The OSHA Laboratory Standard defines an explosive as a chemical that causes a sudden, almost instantaneous release of pressure, gas, and heat when subjected to sudden shock, pressure, or high temperature. Under the Department of Transportation (DOT) hazard class system, explosives are listed as hazard class 1.
Fortunately, most laboratories do not use many explosives; however, there are a number of chemicals that can become unstable and/or potentially explosive over time due to contamination with air, water, other materials such as metals, or when the chemical dries out.
Explosives can result in damage to surrounding materials (hoods, glassware, windows, people, etc.), generation of toxic gases, and fires. If you plan to conduct an experiment where the potential for an explosion exists, first ask yourself the question; “Is there another chemical that could be substituted in the experiment that does not have an explosion potential?” If you must use a chemical that is potentially explosive, or for those compounds that you know are explosive, (even low powered explosives) you must first obtain prior approval from the Principal Investigator to use such chemicals. After obtaining prior approval from your Principal Investigator, thoroughly read the SDSs and any other chemical resources related to the potentially explosive compound(s) to ensure potential incidents are minimized.
Whenever setting up experiments using potentially explosive compounds:
- Always use the smallest quantity of the chemical possible.
- Always conduct the experiment within a fume hood and use in conjunction with a properly rated safety shield.
- Be sure to remove any unnecessary equipment and other chemicals (particularly highly toxic and flammables) away from the immediate work area.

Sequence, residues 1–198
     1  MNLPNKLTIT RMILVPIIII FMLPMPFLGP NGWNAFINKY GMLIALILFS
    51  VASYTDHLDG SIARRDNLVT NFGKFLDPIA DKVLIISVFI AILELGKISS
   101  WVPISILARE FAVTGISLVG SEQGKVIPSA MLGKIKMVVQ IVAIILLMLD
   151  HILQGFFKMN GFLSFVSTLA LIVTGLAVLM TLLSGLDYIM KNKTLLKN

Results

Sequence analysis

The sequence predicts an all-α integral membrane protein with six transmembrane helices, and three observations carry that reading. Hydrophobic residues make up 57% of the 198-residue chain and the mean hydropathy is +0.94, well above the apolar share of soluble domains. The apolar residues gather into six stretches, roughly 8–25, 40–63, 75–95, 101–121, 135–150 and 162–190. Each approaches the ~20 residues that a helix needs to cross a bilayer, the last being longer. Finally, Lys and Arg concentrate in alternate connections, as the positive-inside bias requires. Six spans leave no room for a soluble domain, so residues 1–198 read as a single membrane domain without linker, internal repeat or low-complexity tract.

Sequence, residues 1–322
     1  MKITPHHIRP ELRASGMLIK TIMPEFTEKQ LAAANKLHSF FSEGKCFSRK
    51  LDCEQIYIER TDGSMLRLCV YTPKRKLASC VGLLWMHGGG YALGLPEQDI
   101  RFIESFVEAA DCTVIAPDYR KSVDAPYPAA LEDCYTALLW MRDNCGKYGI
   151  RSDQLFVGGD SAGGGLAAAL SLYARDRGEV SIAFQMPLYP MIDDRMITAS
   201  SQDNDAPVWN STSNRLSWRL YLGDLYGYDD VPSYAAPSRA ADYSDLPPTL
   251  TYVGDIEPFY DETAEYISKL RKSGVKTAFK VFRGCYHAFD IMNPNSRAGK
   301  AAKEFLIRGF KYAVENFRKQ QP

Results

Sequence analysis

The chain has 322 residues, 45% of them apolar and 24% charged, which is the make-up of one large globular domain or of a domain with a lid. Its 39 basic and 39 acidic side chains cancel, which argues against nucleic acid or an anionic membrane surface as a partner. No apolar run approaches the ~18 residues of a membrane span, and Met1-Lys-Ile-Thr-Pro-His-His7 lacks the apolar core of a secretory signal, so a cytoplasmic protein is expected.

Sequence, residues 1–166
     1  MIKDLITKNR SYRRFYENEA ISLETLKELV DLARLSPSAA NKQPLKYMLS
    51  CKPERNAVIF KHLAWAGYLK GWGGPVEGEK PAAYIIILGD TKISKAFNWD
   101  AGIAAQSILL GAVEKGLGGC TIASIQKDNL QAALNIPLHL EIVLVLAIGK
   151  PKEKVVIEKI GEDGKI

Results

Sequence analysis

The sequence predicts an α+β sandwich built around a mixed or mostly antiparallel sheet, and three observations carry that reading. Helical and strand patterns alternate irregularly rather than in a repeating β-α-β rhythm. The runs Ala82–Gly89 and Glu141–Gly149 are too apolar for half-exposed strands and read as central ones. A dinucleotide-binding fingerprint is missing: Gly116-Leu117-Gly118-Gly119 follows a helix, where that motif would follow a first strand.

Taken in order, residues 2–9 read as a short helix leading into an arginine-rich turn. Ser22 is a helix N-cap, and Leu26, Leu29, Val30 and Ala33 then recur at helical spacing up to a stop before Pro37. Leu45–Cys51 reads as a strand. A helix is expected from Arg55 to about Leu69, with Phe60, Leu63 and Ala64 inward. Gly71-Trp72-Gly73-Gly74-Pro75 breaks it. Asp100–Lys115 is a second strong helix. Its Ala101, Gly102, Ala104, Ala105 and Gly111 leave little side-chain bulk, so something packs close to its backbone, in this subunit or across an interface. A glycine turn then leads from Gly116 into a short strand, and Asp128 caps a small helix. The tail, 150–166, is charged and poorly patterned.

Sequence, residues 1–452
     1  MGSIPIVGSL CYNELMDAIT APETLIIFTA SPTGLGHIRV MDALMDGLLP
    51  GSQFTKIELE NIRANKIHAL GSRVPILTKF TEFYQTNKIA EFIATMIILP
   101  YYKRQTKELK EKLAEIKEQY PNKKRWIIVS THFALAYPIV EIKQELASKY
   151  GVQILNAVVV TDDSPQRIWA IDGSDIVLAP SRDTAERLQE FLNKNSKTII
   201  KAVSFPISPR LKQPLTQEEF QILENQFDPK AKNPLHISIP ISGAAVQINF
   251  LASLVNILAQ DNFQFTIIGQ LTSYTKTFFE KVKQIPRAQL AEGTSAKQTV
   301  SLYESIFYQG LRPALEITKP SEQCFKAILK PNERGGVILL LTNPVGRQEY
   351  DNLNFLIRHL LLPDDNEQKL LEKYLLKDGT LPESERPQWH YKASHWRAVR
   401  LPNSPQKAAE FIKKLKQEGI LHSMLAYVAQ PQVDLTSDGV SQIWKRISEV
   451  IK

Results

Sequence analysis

- Be sure to notify other people in the laboratory what experiment is being conducted, what the potential hazards are, and when the experiment will be run.
- Do not use metal or wooden devices when stirring, cutting, scraping, etc. with potentially explosive compounds. Non-sparking plastic devices should be used instead.
- Ensure other safety devices such as high temperature controls, water overflow devices, etc., are used in combination to help minimize any potential incidents.
- Properly dispose of any hazardous waste and note on the hazardous waste tag any special precautions that may need to be taken if the chemical is potentially explosive.
- Always wear appropriate PPE, including the correct gloves, lab coat or apron, safety goggles used in conjunction with a face shield, and explosion-proof shields when working with potentially explosive chemicals.
For storage purposes, always date chemical containers when received and opened. Pay particular attention to those compounds that must remain moist or wet so they do not become explosive (ex. Picric acid, 2,4-Dinitrophenyl hydrazine, etc.). Pay particular attention to any potentially explosive compounds that appear to exhibit the following signs of contamination:
- Deterioration of the outside of the container.
- Crystalline growth in or outside the container.
- Discoloration of the chemical.
If you discover a potentially explosive compound that exhibits any of these signs of contamination, contact EHS at 607-255-8200 for more assistance.
Examples of explosive and potentially explosive chemicals include:
- Compounds containing the functional groups azide, acetylide, diazo, nitroso, haloamine, peroxide, and ozonide
- Di- and Tri-nitro compounds
- Peroxide forming compounds
- Picric acid (dry)
- 2,4-Dinitrophenylhydrazine (dry)
- Benzoyl peroxide (dry)